Administrative hearings are quasi-criminal in nature, including DMV hearings. When someone is licensed by the state in their profession, they can be sanctioned for misconduct or incompetence. There are situations when these administrative hearings occur after criminal conviction and other scenarios without any relation to the criminal justice system.
Professions such as the practice of law, medicine, cosmetology, nursing, real estate, and others are subject to these hearings. Hearings that come to the attention of the state administrative board as the result of criminal convictions are usually referred to the state board for further sanctions in their respective fields. These additional sanctions can include total revocation of one’s license to practice in the field of choice. The individual can also be placed on probation and as a condition of probation he or she can be suspended for a period of time—months or years—with further conditions that must be satisfied before reinstatement, such as restitution to victims, going to approved alcohol and/or drug rehabilitation, taking psychiatric and professional examinations for competence, approved schooling, seminars, ethics classes and others. Conversely, the practitioner can be placed on probation without suspension and required to comply with probationary terms. The cases that do not originate in the criminal justice system have similar sanctions.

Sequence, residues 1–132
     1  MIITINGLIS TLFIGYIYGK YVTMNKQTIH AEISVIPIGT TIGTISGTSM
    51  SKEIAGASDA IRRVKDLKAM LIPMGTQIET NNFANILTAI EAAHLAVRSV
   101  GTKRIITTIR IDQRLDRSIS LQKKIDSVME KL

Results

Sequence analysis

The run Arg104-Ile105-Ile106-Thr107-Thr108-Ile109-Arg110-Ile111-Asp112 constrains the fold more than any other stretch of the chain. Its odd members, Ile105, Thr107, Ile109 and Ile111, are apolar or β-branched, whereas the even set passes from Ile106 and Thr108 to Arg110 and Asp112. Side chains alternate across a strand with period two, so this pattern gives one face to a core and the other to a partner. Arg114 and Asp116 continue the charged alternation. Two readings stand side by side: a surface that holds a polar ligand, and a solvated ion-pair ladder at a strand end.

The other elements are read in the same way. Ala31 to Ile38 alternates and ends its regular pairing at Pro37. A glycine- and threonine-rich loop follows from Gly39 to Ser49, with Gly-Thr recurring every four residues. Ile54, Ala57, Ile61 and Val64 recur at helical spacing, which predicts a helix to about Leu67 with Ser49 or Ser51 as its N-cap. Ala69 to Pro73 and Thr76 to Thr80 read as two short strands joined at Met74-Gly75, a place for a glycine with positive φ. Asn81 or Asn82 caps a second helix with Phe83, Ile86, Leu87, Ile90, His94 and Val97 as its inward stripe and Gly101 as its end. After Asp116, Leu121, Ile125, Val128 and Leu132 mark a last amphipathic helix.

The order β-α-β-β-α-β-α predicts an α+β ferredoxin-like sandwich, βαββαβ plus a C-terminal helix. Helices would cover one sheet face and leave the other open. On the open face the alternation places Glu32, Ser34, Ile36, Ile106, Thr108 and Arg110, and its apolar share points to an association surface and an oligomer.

Although one is not entitled to a jury trial in administrative hearings, they are still afforded a due process and an evidentiary hearing. Extensive trial preparation for these hearings is essential, as many times the practitioner must deal with expert witnesses and detailed investigation by law enforcement and the Attorney General. Unlike the District Attorney’s office, these administrative prosecutors take on far fewer cases and are specially assigned. Our office is experienced and qualified in handling these hearings.